http://cache.freescale.com/files/sensors/doc/data_sheet/MPXV5050VC6T1.pdf

2. Yes, that's the only difference. However since you're measuring vacuum, you would be fine with standard protection gel because the engine is not "pushing" anything inside the pressure port, is pulling air instead. I personally wouldn't consider a motorcycle shop a "greasy messy place" but if it is, then keep your vacuum meter away from that mess when is not in use :smileywink:.

3. The maximum pressure shown in that table is the differential pressure between P1 and P2 before permanent damage might occur (P1 should be always greater than P2 at any given moment). So you can have P2 at, let's say, 100kPa and have P1 at 300kPa maximum.

Hope it helps.

Josh

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Senior Contributor I

Hello Francois,

Motorcycle enthusiast here.

The vacuum level would depend in the specific motorcycle you're using and the size of the engine, some motorcycles are around 30kPa at idle (warm engine). Please notice that ALL pressure sensors measures differential pressure between its pressure ports, hence it wont be possible to use one pressure to sync two _carburetors_ (you won't measure the piston pressure, that's compression pressure not intake manifold pressure, intake manifold pressure should be measured at each carburetor output, which connects to the intake manifold thru the intake manifold boots). So if you plug, let's say pressure sensor port one (P1) into intake manifold one and P2 into intake manifold two, you would be measuring the differential pressure between those two cams which is wrong. The goal of synchronizing your carburetors, is getting the same differential pressure between atmospheric pressure and the output of each carburetor, i.e. stabilize the pressure in the intake manifold. So you would need one sensor per carburetor.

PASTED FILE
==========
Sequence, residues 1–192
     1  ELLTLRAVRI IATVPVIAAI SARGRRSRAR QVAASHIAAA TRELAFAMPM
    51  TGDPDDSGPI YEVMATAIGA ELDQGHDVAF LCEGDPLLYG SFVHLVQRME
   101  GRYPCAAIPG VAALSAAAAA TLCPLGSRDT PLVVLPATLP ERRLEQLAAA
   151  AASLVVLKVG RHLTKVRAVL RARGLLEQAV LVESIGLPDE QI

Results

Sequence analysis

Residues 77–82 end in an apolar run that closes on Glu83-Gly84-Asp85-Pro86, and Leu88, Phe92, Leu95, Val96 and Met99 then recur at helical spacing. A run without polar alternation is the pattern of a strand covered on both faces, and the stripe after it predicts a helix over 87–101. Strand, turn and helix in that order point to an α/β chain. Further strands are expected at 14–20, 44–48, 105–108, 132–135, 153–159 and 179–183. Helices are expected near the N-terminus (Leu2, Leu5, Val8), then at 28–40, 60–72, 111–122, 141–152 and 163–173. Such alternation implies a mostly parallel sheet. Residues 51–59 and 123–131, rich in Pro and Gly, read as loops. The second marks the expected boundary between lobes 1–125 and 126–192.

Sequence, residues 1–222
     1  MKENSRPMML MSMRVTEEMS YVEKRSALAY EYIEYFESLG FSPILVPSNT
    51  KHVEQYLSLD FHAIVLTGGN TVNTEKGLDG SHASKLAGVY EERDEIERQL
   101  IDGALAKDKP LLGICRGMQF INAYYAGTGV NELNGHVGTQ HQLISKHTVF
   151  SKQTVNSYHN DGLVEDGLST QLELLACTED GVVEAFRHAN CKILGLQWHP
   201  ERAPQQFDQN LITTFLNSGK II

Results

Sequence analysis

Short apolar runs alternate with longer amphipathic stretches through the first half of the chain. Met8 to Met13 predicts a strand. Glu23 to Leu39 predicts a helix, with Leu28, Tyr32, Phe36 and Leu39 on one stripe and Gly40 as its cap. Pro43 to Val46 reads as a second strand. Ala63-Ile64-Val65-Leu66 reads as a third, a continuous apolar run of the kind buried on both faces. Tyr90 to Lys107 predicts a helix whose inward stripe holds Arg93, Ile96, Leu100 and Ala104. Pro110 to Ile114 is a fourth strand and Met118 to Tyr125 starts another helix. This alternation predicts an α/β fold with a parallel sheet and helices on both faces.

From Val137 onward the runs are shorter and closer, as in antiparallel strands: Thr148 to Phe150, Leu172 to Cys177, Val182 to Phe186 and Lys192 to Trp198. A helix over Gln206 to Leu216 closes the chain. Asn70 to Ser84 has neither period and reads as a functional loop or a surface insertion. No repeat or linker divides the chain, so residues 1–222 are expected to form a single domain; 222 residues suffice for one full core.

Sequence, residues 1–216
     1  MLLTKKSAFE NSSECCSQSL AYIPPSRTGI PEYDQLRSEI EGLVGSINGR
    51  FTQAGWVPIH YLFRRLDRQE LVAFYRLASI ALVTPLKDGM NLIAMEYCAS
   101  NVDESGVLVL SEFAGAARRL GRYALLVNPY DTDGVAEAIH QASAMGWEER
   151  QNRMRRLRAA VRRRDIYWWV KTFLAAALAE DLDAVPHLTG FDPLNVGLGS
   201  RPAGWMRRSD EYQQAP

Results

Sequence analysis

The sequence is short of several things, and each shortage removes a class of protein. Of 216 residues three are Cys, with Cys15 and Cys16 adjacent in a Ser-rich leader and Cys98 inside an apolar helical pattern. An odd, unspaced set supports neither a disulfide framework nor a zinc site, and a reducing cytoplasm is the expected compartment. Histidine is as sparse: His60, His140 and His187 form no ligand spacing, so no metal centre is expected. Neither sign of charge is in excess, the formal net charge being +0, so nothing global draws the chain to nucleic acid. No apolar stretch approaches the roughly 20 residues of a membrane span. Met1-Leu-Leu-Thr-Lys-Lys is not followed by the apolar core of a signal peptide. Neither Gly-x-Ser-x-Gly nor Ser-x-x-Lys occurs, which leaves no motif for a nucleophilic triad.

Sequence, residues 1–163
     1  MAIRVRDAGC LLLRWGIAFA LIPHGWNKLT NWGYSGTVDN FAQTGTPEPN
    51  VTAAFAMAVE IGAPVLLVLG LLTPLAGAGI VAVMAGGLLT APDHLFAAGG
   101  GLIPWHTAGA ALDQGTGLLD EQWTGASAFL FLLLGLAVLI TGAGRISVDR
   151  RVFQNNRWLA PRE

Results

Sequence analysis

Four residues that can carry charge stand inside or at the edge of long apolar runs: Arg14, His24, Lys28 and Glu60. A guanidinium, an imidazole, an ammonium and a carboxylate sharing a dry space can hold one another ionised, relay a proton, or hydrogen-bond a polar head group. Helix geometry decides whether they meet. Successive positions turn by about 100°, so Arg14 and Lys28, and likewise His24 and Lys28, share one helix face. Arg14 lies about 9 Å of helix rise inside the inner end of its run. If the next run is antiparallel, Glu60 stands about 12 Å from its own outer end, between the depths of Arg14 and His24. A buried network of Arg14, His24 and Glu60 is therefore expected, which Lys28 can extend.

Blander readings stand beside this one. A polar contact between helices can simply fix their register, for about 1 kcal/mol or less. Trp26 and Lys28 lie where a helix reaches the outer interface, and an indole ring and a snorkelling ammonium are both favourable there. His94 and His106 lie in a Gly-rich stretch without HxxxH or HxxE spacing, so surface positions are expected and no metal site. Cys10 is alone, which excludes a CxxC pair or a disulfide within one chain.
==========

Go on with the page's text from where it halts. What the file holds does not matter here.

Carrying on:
There are some very good projects out there for this application, this one is my favorite:

http://www.instructables.com/id/Arduino-Throttle-Body-Syncronization-Shield/

Regarding your questions:

1. No, the maximum pressure for bi-directional pressure sensor is +-25kPa. However, for this specific application, you do not require bi-directional pressure sensor, the MPXV5050V would be enough:

http://cache.freescale.com/files/sensors/doc/data_sheet/MPXV5050VC6T1.pdf

2. Yes, that's the only difference. However since you're measuring vacuum, you would be fine with standard protection gel because the engine is not "pushing" anything inside the pressure port, is pulling air instead. I personally wouldn't consider a motorcycle shop a "greasy messy place" but if it is, then keep your vacuum meter away from that mess when is not in use :smileywink:.

3. The maximum pressure shown in that table is the differential pressure between P1 and P2 before permanent damage might occur (P1 should be always greater than P2 at any given moment). So you can have P2 at, let's say, 100kPa and have P1 at 300kPa maximum.